Chrisann Brennan: Yes, he made a technological device that freed people up…but mainly the message is to be who you are. Now a lot of people are running around trying to be like Steve Jobs. They miss the point…it is to individuate enough, to understand what you need to go out and do. He was just a fabulous example of it in so many ways.
Fergus Nicoll: Well that seems, Alison, like an amazingly forgiving person… From what I’ve seen of the movie, this is very much part of the story of the movie. There are some explosive scenes related to this. But it’s always difficult…there have been massive tomes about Steve Jobs, some have been less revelatory than some hoped for, but (Jobs is) a man who appears to tower over Silicon Valley, even in his absence?
Alison van Diggelen: He’s absolutely idolized here and around the world, and in fact a documentary just came out here in the United States: Alex Gibney’s documentary Steve Jobs, the Man in the Machine. Chrisann was interviewed for five hours for that and she talks at length about just how cruel he was to her and yet, she is incredibly forgiving. She has respect for what he’s done, his visionary powers, but she does describe herself as “a modern day Mary Magdalene…Steve saw himself as a Christ figure,” that’s what she wrote to me this week.
Fergus Nicoll: That’s a pretty powerful image…I’m always amazed that we expect the visionary leaders in tech, in industry, in politics to be good guys. Why should that be necessary?
Alison van Diggelen: Well, I think that’s the ideal. What concerns me about the idolization, almost canonization of Steve Jobs, is the fact that young people might think of him as the perfect role model…i.e. the more “jerk-like” they are, the better. And I think that’s a very dangerous role model. I think it’s important that people like Chrisann Brennan speak up to show the contradictions in his life. She wants to get out this universal message about the plight of single mothers and how Steve Jobs made her peripheral, almost invisible and it plays into this bigger question of business attitudes to families and what are our values?
Fergus Nicoll: Alison, who’s the equivalent now…And are there woman poised to achieve such dominance in Silicon Valley?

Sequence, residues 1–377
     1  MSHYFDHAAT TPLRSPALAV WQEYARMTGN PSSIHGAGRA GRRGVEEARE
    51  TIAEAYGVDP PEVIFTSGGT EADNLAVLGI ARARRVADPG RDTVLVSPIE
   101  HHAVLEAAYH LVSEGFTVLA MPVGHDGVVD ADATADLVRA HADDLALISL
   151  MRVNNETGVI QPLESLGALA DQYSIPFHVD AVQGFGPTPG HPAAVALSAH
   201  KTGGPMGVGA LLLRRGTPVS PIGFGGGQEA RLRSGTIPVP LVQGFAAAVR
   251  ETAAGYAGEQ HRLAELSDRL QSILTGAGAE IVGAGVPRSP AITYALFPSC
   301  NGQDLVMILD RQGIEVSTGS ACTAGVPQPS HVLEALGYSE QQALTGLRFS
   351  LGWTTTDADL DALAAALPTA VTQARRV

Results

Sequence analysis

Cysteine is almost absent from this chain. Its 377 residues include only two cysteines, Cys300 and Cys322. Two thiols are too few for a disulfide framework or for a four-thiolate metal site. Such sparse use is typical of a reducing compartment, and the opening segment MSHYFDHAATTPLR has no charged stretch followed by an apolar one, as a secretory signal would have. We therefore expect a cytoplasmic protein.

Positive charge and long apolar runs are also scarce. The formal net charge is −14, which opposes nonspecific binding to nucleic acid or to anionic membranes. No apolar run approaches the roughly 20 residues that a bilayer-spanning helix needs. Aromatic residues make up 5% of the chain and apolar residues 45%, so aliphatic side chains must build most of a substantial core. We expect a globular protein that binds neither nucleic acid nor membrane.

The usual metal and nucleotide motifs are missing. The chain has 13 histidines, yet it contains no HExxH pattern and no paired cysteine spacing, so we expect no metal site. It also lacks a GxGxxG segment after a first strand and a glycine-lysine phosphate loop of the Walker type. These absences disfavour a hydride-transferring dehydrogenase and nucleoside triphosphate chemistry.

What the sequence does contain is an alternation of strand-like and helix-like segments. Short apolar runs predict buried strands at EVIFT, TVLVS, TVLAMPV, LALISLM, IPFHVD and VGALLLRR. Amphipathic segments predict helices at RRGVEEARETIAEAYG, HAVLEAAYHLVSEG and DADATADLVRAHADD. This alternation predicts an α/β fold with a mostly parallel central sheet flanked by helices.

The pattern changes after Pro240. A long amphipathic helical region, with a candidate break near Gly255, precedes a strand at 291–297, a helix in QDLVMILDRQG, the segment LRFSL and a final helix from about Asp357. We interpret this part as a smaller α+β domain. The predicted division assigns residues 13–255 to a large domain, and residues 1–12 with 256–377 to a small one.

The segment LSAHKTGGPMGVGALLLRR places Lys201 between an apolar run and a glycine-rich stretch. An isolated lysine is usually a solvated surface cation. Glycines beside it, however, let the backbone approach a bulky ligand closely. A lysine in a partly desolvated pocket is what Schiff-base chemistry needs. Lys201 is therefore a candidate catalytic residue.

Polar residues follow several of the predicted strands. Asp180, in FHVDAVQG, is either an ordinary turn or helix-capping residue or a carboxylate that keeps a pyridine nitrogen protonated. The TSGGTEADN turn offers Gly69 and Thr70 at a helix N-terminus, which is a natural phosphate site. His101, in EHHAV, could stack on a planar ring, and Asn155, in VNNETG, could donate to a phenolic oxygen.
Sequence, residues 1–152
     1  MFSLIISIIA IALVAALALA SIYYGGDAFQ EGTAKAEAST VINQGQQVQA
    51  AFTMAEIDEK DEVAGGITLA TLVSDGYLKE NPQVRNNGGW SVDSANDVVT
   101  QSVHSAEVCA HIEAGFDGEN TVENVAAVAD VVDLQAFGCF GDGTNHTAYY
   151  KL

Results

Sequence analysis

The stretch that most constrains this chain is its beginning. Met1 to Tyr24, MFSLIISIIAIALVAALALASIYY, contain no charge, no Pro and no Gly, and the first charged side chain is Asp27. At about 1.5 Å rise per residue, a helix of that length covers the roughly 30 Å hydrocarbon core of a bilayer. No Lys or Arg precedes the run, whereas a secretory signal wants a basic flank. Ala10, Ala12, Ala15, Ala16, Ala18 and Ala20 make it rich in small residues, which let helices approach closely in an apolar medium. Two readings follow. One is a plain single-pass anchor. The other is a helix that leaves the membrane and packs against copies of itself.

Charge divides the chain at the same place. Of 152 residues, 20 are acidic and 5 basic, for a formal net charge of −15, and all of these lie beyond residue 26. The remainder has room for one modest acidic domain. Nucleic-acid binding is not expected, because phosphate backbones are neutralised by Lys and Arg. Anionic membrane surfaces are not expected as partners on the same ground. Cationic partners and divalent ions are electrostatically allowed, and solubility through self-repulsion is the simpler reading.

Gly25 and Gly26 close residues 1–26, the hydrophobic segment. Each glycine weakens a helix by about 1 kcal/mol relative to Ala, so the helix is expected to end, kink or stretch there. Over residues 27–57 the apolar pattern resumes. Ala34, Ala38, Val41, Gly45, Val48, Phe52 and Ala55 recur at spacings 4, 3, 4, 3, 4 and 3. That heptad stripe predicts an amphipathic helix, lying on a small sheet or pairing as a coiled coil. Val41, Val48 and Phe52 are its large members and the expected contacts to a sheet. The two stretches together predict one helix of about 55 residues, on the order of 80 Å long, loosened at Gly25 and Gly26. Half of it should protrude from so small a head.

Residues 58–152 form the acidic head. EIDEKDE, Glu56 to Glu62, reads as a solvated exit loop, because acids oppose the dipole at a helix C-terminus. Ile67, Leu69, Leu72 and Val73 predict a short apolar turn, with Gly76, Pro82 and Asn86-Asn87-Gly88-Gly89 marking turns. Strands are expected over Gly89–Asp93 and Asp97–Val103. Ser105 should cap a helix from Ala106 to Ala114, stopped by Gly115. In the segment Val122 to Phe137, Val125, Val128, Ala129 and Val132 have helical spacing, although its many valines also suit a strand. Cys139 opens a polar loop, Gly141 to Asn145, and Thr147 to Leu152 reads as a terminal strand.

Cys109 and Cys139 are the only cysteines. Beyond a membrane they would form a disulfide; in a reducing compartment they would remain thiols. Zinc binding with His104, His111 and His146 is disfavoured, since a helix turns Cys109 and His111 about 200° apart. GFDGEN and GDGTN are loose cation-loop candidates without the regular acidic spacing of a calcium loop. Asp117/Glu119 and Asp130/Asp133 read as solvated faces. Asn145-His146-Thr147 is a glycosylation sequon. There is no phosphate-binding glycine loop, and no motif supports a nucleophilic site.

Alison van Diggelen: The first person who comes to mind is Elon Musk…Females that I would cite are Marissa Mayer, Sheryl Sandberg.
And of course there’s Bill Gates. He’s probably going to be canonized for the second half of his career as a philanthropist, not a tech guy.
Fergus Nicoll: There’s a parallel there with Jimmy Carter, the most famous ex-president probably because of what he’s done…and Bill Gates has done the same: an extraordinary first career and then this amazing philanthropic career with his wife Malinda and their many campaigns….
Do you buy that Silicon Valley is a counterpoint to Wall Street (making giving money away popular)?
Alison van Diggelen: I’m delighted to hear that the message is getting out about the generosity of people in Silicon Valley. It’s so easy to point fingers and say that the wealth isn’t being shared. It is, but I’d say, probably not enough.
On the question of behavior of CEOs, there is growing transparency, thanks to social media, 24/7 news coverage. CEOs can’t get away with what they used to. Steve Jobs, if he was doing what he did to Chrisann Brennan today – denying paternity and saying 10% of the (male) US population could be the father of this child – he just wouldn’t get away with that today. The evidence would be there.
Fergus Nicoll: Alison, thanks so much for bringing in the interview for us on the Steve Jobs story.
Alison van Diggelen: My pleasure indeed. Thank you.